OCTAVIA: an icon at 60
The ŠKODA OCTAVIA is celebrating 60 years since production was launched. In January 1959, the first of this legendary model series rolled off the production line at the Mladá Boleslav plant. It was the brand’s eighth model after the Second World War and also the eighth ŠKODA model with the state-of-the-art independent suspension, which the manufacturer introduced in 1933 - hence OCTAVIA.
The first two-door version of the ŠKODA OCTAVIA left the main plant in Mladá Boleslav in January 1959 powered by a robust four-cylinder engine with a capacity of 1.1 litres. The engine generated 29.4kW (40hp) with a four-speed gearbox driving the rear wheels. The top speed was 110km/h; the average consumption was 7.7 litres of petrol per 100 kilometres.
The attractive, flowing body design was just as impressive as its driving characteristics. Technical innovations, including the front axle with coil springs and torsion bar stabiliser, gave the OCTAVIA a high degree of ride comfort and easy handling. The introduction of asymmetric headlamps during 1959 increased its safety.
ŠKODA presented a more powerful variant in 1959 with the OCTAVIA SUPER, featuring a 1.2-litre engine and a peak output of 33kW (45hp). Demand for the OCTAVIA model range rose sharply at home and abroad.
The Rally Champion
On 10 March 1960, the sporty ŠKODA OCTAVIA Touring Sport (TS) was unveiled at the Geneva Motor Show, which boasted an engine output of 37kW (50hp). ŠKODA applied to the World Automobile Federation (FIA) for homologation of the TS for racing and rallying in the class of unmodified road vehicles – paving the way for the 130km/h two-door model in motor sport. The OCTAVIA TS scored a hat-trick at the famous Monte Carlo Rally, with victories in1961,1962 and 1963.
ŠKODA presented the OCTAVIA COMBI in Brno on 11 September 1960, featuring a two-piece, horizontally split tailgate. Despite its compact exterior dimensions, the vehicle comfortably seated five and provided 690 litres of boot space with a loading length of 0.965 metres. After folding down the rear backrests, the luggage compartment capacity increased to up to 1,050 litres.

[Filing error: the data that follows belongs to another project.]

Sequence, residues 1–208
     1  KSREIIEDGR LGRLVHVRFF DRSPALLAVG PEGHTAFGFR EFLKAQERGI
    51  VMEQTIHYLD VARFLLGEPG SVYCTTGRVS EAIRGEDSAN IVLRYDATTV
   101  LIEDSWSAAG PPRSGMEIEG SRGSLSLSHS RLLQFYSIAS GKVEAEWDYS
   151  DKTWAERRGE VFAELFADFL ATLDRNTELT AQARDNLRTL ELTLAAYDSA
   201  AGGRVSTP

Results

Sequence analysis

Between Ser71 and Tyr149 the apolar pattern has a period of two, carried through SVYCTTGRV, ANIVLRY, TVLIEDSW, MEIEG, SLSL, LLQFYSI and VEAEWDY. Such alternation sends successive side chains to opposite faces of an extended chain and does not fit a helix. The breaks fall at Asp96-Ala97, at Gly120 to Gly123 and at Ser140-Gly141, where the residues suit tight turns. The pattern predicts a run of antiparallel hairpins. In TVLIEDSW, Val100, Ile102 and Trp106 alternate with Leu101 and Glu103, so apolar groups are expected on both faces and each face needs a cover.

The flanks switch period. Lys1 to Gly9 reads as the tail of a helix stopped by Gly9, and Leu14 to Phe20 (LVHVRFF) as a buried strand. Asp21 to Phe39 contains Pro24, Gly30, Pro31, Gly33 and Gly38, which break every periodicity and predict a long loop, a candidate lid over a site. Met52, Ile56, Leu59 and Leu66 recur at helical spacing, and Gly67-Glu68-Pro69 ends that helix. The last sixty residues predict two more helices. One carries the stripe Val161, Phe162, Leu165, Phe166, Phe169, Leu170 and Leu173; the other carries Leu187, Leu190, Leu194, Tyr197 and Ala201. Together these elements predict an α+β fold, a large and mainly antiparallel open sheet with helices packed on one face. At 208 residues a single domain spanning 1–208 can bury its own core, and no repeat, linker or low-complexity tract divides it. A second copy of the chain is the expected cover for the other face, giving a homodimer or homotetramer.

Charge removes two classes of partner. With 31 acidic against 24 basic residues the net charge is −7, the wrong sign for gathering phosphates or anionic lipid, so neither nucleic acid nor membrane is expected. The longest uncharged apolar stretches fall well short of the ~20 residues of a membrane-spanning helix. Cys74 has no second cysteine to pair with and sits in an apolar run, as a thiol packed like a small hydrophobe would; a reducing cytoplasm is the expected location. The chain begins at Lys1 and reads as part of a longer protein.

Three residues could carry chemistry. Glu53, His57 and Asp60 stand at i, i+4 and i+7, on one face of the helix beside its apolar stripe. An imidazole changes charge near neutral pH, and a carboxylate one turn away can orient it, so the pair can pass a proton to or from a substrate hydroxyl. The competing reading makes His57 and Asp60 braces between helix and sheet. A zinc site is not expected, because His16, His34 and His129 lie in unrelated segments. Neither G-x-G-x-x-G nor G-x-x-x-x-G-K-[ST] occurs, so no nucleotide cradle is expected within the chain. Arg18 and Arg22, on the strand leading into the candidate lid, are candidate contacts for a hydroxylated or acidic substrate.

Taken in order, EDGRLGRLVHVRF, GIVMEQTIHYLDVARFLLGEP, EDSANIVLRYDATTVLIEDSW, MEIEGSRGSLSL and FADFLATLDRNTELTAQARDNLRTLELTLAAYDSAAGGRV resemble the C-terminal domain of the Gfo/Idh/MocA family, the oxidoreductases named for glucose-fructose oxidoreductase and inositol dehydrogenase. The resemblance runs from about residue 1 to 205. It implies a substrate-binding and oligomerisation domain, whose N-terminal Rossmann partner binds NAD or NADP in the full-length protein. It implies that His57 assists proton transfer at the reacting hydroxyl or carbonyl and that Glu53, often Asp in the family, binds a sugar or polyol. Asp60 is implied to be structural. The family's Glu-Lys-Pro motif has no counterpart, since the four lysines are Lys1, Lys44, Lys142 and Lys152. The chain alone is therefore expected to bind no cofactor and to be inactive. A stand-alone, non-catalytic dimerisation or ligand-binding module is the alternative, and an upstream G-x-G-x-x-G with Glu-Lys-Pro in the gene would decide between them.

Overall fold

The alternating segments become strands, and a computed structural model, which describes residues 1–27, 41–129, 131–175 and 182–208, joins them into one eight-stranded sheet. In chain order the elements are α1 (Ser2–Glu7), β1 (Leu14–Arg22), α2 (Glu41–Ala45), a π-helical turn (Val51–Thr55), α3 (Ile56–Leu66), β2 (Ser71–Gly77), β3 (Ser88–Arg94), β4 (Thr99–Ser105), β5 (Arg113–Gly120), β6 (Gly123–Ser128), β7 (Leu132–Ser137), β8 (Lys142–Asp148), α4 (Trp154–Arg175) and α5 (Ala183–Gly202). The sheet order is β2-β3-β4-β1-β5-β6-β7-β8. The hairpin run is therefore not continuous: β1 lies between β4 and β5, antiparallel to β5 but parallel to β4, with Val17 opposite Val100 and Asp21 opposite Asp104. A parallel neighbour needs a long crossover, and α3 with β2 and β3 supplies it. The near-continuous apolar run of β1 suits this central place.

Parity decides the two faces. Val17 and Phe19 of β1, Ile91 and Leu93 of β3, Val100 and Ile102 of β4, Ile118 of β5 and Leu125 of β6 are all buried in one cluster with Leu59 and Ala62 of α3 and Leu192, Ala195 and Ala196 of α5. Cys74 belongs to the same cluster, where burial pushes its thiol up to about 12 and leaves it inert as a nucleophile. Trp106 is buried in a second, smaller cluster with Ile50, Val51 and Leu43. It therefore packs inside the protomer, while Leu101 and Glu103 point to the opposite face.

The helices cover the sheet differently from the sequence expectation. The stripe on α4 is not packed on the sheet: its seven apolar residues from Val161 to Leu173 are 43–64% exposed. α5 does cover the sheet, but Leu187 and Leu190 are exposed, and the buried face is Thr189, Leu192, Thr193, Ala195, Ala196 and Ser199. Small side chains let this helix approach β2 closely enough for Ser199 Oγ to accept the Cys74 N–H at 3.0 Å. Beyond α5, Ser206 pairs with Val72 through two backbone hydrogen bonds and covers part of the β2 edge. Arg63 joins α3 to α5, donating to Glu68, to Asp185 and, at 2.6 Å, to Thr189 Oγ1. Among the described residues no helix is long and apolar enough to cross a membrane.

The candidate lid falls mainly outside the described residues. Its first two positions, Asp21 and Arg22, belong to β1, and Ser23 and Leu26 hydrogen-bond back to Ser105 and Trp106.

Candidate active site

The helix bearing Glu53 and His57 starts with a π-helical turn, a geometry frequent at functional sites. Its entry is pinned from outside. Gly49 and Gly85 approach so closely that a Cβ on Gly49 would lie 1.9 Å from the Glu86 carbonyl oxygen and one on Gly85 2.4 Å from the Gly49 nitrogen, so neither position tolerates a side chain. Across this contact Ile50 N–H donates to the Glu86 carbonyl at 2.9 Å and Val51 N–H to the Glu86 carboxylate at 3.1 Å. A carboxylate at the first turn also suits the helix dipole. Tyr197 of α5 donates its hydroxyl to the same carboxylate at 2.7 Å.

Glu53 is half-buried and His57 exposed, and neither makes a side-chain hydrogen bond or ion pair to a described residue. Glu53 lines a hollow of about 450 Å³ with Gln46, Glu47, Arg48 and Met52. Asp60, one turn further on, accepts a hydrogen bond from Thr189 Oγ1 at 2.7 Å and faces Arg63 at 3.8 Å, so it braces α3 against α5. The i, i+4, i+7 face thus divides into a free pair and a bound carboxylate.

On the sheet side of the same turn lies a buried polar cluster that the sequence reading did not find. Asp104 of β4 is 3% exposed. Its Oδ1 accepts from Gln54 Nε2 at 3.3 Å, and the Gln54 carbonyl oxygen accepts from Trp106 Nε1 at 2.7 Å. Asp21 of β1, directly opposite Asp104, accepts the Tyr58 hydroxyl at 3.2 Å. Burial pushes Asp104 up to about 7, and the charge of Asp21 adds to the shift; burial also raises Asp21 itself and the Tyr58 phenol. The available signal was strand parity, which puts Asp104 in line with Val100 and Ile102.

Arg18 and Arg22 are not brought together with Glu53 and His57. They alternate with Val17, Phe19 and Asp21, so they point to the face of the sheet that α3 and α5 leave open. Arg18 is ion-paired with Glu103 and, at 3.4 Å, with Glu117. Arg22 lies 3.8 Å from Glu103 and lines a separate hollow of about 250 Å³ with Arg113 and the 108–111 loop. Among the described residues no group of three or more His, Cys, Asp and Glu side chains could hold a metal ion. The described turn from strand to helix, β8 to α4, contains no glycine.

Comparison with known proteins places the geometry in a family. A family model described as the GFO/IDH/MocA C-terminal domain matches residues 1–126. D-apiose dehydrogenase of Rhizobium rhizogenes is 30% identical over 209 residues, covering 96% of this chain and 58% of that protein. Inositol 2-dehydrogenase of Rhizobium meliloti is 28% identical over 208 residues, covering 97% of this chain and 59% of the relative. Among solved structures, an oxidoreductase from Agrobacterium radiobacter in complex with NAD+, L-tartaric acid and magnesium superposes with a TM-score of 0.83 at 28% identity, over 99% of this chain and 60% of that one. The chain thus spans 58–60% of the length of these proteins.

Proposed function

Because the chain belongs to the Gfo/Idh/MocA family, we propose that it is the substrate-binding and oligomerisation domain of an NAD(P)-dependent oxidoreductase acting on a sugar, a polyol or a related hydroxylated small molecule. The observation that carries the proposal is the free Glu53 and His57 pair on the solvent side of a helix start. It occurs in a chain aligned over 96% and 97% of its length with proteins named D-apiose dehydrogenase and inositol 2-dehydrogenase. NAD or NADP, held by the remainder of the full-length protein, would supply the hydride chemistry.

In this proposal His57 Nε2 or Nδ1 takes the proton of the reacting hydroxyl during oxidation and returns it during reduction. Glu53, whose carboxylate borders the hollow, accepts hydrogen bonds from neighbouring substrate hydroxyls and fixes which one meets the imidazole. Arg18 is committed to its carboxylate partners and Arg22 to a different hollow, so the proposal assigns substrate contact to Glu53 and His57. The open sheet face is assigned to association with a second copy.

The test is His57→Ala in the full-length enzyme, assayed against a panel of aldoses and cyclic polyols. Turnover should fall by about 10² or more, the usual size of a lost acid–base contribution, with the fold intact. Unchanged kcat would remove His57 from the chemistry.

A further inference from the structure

The two-door saloon was built until 1964; the last one – a grey OCTAVIA Super – rolled off the Mladá Boleslav production line on 11 April. The all-new ŠKODA 1000/1100 MB with a self-supporting body and rear engine would soon step up as its direct successor. The last OCTAVIA estate model left the Kvasiny line on 21 December 1971. Between 1959 and 1971, a total of 360,000 ŠKODA OCTAVIAs were produced, including more than 54,000 estate versions.
The modern era - part one
In 1992 – soon after ŠKODA joined forces with Volkswagen Group – work started on developing a completely new model based on the legendary type designation. On a modern technical platform, former Chief Designer Dirk van Braeckel and his team created a body with an unmistakable design.
The OCTAVIA saloon debuted on 4 April 1996 and immediately gained international acclaim with a high level of active and passive safety. It also benefited from a boot volume of 528 to 1,328 litres. The OCTAVIA COMBI, which was even more spacious and especially successful on the European markets, was added to the range in March 1998; the first four-wheel-drive version was launched in 1999. More than 470,000 estates of the first generation OCTAVIA had been built by November 2010.
The modern era - part two
This success was topped by the second generation ŠKODA OCTAVIA, which was built from 2004 to 2013 with 1.6 million saloons and 900,000 estates sold. The second-generation model boasted many technical innovations, including petrol engines with direct injection and direct-shift gearbox (DSG).
Today, the third OCTAVIA generation forms the backbone of ŠKODA’s model range. It has been in production since November 2012 and was fully updated in February 2017. More than 2.5 million customers have already bought the third generation model.
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